I'm GBS+, found in only one of 3 swabs taken for thrush but nevertheless they will treat of course. I am currently 36+4 with first DC and I found it reassuring to discover from a midwife the other day that the antibiotics drip is not given continually for 4 hours but rather started with a 15-30 minute infusion, then the line is withdrawn leaving the cannula in your hand, and then over the next 4 hours another dose (or maybe more - sorry, can't recall but sure others will know more) is given.
So you do have more freedom of movement than it first seems. The midwife I spoke to - v experienced and at top teaching hospital - said it doesn't interfere with b'feeding and if you want a water birth you can still have it, they simply put a waterproof dressing over the cannula.
I called the GBS Support Group, who were really helpful and reassuring: sorry am on phone so can't link but believe it is gbss.org.uk.
Please don't worry - I did, at first, and was also really down (and kind of annoyed that it was discovered by chance, which is of course totally bonkers as thank goodness it was, despite the low risks). It really won't obstruct the birth you wish to have or be an obstacle. It's only a big deal if it's not picked up - if it is, the precautions put in place are really nothing to worry about. I'm sure others who have actually been through it before can advise more fully, but wanted to say this.
Best of luck with everything x
I tested positive for GBS in my first pregnancy and was meant to have antibiotics throughout labour. However, labour was very quick so DS had to have antibiotics over a 48hr period, this was in 2006.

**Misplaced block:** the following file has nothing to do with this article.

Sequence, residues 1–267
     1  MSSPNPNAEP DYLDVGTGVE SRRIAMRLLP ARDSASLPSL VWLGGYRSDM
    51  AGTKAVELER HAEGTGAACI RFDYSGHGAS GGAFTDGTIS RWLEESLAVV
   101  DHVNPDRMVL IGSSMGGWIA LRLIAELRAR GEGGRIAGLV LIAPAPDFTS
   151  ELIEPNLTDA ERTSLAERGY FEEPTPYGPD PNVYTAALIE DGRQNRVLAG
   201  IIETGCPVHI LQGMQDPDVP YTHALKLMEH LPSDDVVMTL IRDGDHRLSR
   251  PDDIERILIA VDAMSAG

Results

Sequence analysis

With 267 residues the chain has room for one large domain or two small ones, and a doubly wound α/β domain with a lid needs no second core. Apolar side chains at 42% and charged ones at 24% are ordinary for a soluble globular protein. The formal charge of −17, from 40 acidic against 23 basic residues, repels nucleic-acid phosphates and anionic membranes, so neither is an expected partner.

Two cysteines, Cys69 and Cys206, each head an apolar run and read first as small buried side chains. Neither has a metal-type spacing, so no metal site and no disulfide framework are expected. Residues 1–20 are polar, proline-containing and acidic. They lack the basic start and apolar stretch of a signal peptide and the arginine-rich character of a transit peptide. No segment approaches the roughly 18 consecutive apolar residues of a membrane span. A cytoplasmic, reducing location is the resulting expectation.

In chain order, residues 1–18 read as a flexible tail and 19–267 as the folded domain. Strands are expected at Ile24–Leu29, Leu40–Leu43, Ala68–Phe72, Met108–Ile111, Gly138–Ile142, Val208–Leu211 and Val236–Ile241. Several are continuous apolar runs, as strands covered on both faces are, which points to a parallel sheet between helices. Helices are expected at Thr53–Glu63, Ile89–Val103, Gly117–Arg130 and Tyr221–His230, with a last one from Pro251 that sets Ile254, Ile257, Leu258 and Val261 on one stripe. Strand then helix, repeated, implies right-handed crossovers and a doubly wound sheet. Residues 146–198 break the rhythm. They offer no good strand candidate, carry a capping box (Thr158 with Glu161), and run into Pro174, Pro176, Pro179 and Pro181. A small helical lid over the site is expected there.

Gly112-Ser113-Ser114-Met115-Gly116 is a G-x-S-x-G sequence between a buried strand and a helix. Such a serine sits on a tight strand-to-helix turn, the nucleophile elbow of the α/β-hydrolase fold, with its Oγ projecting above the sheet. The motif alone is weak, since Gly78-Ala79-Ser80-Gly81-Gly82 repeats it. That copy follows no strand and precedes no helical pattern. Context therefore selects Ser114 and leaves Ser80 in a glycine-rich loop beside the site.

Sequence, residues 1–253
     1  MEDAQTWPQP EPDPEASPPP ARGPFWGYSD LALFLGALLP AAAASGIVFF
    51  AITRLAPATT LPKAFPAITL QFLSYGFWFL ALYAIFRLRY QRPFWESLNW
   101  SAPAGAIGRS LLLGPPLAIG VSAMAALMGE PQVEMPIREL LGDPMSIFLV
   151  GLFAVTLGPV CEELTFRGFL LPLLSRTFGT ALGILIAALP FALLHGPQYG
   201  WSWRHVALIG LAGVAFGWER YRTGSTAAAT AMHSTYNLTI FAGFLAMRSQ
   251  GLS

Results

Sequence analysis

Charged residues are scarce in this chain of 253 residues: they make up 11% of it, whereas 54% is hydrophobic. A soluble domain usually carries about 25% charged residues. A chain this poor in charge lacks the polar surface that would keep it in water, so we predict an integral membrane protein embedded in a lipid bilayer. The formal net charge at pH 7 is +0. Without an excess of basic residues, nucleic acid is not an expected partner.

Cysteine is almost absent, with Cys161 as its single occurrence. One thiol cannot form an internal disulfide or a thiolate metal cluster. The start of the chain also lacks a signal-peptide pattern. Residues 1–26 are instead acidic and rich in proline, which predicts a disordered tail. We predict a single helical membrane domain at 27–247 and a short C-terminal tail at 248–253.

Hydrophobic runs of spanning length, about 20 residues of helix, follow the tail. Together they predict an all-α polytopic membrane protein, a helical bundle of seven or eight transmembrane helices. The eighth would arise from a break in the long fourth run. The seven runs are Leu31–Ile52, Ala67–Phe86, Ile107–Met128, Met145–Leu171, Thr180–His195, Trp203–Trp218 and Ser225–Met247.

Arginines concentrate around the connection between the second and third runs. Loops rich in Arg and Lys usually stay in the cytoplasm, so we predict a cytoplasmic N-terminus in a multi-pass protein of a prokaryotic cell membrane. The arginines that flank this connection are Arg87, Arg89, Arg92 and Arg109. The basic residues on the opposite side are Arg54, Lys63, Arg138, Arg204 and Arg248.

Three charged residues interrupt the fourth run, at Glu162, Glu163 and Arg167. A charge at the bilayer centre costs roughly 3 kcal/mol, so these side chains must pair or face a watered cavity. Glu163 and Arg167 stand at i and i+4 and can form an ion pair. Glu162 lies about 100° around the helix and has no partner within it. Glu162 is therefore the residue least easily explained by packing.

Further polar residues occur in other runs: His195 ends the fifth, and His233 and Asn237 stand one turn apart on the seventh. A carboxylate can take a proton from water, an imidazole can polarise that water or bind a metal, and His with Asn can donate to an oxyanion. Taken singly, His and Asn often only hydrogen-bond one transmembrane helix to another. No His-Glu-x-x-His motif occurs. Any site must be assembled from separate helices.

My second labour was even quicker than the first so again I didn't get the antibiotics. DD had an ear swab done and we spent the night in hospital waiting for results which came back negative, this was in 2008.
I think it varies a lot between hospitals
I tested +ve with dc1, labour went too quick and u didn't get the antibiotics in time so he had to have a cannula fitted and antibiotics every 12 hours for 48 hours but this was in 2001.
Dc2 was -ve but have me antibiotics as a precaution - was induced so was fine time wise.
Neither of them showed any effects and are fine now. The risks are really low but its def good to read up on it. The fact that you've had the test is good because then at least it's treatable
C-section does not make group b strep irrelevant if your waters break. My DS was an EMCS and he still contracted GBS (found through blood test 3 days old). The only way they could explain it was because my waters broke 14 hours before delivery (normally the high risk period is if your waters break >18 hours before delivery).